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Emotional Separation from Parents

As a first-year grad student, I was stunned when Sophie Freud, granddaughter of Sigmund and one of my social work professors, boldly proclaimed that "We never finish emotionally separating from our parents." Decades later, I understand how we spend our lives sifting through parental messages to crystallize what we really think and feel.Separation is a life-long process filled with plateaus, milestones and, mostly, itsy bitsy baby steps. We’re taking part in separation or emotional disengagement even when we don’t realize it—as pre-teens by not making our beds or sneaking a peek at our folks’ personal items though we’ve been forbidden to do so, as adolescents by staying out beyond curfew or hanging with friends our parents dislike, as young adults by moving to another city for college or work, and as more mature adults by raising our children differently than we were raised. Each of these acts increases emotional separation.Imagine us...
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Needing Each Other

A New York Times article on human communication and touch contained a sentence which caught my eye. Although the article was about how positively people respond to touch, what grabbed my interest was more general—about why we need each other and relationships in the first place. One more reason to reach out and touch someone.Here’s what psychologist James A. Coan from the University of Virginia says: “We think that humans build relationships precisely…to distribute problem solving across brains. We are wired to literally share the processing load, and this is the signal we’re getting when we receive support through touch.” Hardwired to share the load—that’s a powerful statement which makes complete sense. When we problem solve with others, we multiply our chances of finding a solution. More brains, more brain-storming, more potential for varying solutions, and more likelihood that one of them will lead to success.Of course, the above quote is...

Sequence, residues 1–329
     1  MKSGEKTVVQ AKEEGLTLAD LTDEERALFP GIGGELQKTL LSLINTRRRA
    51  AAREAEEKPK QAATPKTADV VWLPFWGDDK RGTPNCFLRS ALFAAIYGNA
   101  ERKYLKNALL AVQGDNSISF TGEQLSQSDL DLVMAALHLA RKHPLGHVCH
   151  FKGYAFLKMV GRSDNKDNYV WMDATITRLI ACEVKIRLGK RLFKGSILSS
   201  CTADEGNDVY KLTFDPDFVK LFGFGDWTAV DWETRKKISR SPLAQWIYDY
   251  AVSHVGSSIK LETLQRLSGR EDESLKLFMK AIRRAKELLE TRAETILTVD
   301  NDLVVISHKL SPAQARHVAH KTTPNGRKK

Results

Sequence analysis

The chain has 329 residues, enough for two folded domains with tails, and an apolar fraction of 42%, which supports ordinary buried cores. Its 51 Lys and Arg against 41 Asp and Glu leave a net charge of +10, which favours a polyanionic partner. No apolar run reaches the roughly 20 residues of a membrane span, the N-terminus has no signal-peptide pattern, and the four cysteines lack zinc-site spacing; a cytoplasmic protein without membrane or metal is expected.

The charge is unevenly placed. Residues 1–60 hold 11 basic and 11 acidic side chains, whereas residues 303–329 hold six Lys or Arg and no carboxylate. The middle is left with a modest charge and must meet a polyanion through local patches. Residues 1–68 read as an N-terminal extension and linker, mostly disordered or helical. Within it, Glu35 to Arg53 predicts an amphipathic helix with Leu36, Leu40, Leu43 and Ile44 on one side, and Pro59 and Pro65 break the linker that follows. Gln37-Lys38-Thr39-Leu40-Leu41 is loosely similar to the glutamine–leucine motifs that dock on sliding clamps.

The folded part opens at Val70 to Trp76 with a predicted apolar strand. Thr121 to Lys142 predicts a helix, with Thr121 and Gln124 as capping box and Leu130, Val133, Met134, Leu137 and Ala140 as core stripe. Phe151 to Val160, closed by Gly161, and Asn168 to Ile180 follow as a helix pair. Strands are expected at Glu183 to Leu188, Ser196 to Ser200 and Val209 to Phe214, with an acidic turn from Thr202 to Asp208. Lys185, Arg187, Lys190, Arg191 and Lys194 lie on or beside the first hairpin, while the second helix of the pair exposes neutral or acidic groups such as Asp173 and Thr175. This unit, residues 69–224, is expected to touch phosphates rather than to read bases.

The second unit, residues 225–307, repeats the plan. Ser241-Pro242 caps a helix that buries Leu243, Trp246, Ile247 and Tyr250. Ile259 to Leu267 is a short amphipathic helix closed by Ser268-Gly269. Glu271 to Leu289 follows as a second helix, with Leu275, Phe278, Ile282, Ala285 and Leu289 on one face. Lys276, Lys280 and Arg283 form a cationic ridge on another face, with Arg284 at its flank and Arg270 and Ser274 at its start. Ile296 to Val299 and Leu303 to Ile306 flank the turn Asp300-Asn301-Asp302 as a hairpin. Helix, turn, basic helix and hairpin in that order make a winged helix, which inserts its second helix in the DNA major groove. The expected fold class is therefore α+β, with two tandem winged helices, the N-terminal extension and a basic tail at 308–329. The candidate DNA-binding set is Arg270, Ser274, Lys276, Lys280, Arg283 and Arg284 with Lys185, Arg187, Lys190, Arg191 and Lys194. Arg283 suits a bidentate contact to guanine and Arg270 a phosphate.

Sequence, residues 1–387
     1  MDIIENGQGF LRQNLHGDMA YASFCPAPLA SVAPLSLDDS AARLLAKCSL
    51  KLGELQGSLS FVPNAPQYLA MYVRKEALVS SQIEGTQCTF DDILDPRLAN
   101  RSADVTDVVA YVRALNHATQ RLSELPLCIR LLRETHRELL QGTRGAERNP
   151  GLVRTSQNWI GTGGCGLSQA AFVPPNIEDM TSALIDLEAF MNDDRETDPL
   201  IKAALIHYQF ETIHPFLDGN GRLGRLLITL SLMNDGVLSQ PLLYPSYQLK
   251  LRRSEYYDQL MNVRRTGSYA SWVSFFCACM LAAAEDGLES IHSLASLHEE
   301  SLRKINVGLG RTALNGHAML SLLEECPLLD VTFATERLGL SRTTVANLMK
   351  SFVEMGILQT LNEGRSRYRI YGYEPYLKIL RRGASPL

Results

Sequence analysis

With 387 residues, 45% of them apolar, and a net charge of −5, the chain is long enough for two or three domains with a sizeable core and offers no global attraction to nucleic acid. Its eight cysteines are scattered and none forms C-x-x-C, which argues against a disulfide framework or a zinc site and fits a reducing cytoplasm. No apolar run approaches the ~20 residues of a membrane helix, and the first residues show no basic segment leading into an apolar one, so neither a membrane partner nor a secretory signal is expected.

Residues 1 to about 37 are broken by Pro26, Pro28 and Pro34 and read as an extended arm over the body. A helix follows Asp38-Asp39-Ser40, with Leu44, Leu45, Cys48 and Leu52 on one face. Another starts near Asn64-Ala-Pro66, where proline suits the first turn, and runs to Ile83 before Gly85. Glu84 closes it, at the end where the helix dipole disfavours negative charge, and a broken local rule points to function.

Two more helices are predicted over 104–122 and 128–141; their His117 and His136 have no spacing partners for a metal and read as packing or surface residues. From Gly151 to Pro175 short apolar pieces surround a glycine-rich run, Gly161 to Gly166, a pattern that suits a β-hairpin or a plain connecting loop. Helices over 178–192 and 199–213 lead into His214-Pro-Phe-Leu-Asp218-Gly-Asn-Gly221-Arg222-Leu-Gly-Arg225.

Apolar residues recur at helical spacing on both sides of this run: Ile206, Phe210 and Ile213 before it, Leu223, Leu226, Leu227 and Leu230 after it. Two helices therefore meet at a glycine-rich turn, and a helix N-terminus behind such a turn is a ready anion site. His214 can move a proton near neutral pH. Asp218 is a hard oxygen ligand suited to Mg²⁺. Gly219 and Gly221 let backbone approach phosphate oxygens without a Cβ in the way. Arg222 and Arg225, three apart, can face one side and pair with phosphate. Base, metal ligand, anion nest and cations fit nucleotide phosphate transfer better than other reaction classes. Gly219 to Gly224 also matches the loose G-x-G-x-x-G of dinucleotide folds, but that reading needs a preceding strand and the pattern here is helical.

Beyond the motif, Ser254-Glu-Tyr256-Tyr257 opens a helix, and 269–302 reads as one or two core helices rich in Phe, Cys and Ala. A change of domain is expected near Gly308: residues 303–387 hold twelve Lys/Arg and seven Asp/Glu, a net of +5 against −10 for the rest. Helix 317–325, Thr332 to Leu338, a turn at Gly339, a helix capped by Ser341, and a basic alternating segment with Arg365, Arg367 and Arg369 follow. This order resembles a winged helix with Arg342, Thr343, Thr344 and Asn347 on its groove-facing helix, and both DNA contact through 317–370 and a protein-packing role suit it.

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Approval Seeking

One trait that many disregulated eaters have in common is the desire for the approval of others. Sadly, not receiving this hoped-for approval can provoke disappointment, frustration, rage—and a whopper of a binge. While practicing strategies to disconnect internal distress from unwanted eating, it’s also essential to let go of approval-seeking thoughts and behavior. Here’s what you can do.You’ve read it in books and heard from scores of experts: Self-approval is more important than other-approval, and the only approval you’ll ever need is from yourself. Yet you go on making others’ opinions matter more than they should and continue to fear that people in general or particular individuals will be unhappy with you if you assert your needs. When you’re desperate for your father, mother, lover, partner, friend, colleague, boss or spouse to like—or love—you, you forget that you’re fully grown and can function perfectly well without them being favorably disposed...